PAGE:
American children are trained to always wear bicycle helmets. The evidence showing their benefit in a crash is clear. But are there unintended consequences to helmet-wearing that may be causing harm? Living on Earth’s Ike Sriskandarajah pedals through the center of helmet wars.
GELLERMAN: It's Living on Earth, I'm Bruce Gellerman. In our last show we pedaled National Bike Month and took an international turn in our conversation with Mikael Colville-Andersen. He's considered Denmark's bicycle ambassador. Biking is a way of life there and Colville-Andersen surprised us when he said bike ridership in Copenhagen, the capital, is actually going down. He blames advocates of bike helmets.
COLVILLE-ANDERSEN: There's very few places in the world where there's a mandatory helmet laws, but the simple promotion of them - suggesting that people wear them - we've seen this in every region of the world where helmets have been promoted, that cycling levels fall. It really sort of is a bullet in the back of the head of any healthy bicycle culture.
GELLERMAN: Well, them's fightin' words for many bike riders here in America, who wouldn't be seen riding without a helmet. Still, when it comes to bike helmets, we're a nation divided: about half of us wear them, half don't. Both wearers and helmet swearers are armed with statistics and Living on Earth's Ike Sriskandarajah rode right into the middle of the debate of what's called the helmet war.
SRISKANDARAJAH: When I got my own first two-wheeler - a sweet Trek 850, it came with freedom, fun…and an annoying accessory, mandated…by Mom.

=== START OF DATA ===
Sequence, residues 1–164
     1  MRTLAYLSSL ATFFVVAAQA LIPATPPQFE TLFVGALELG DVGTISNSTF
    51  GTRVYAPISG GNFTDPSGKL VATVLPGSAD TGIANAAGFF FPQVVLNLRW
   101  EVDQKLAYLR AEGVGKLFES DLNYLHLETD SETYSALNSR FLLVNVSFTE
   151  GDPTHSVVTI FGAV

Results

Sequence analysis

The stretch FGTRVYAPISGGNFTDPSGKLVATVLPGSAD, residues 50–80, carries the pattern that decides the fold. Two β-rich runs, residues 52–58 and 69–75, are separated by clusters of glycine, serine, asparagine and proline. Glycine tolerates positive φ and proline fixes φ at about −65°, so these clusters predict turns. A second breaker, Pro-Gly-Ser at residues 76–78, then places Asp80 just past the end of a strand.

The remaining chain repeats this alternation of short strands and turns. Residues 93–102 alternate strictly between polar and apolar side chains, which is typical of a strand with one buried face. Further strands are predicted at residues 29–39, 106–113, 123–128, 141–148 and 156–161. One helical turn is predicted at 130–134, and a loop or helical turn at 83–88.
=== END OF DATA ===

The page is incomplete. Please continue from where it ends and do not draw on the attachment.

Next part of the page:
MOM: I would tell you to wear a helmet. You hated wearing that helmet…
SRISKANDARAJAH: So after my mom closed the door, I’d run around back and ditch the helmet under a bush. And that worked - until I got caught.
MOM: I saw that and I ran and grabbed and got the helmet, and I'm running behind you and yelling and screaming "Ike - stop!" But I don’t even know if you heard me because you had your earphones on!
SRISKANDARAJAH: Around that same time, in 1989, helmet advocates dialed up the volume.
KID: When you ride one of these [magical sounds], you should wear one of these [magical sounds]. Whoaa. Here’s why.
Kids use peer pressure to teach good helmet wearing.
SRISKANDARAJAH: Johnson and Johnson funded the Safe Kids Campaign and made bike helmets a national issue. It forced parents to consider some gruesome statistics: 91% of bicyclists killed weren’t wearing helmets; 1,000 kids land in the ER everyday with bike-injuries—helmets reduce the risk of brain damage by 85%.
KID: Brain injuries are not cool!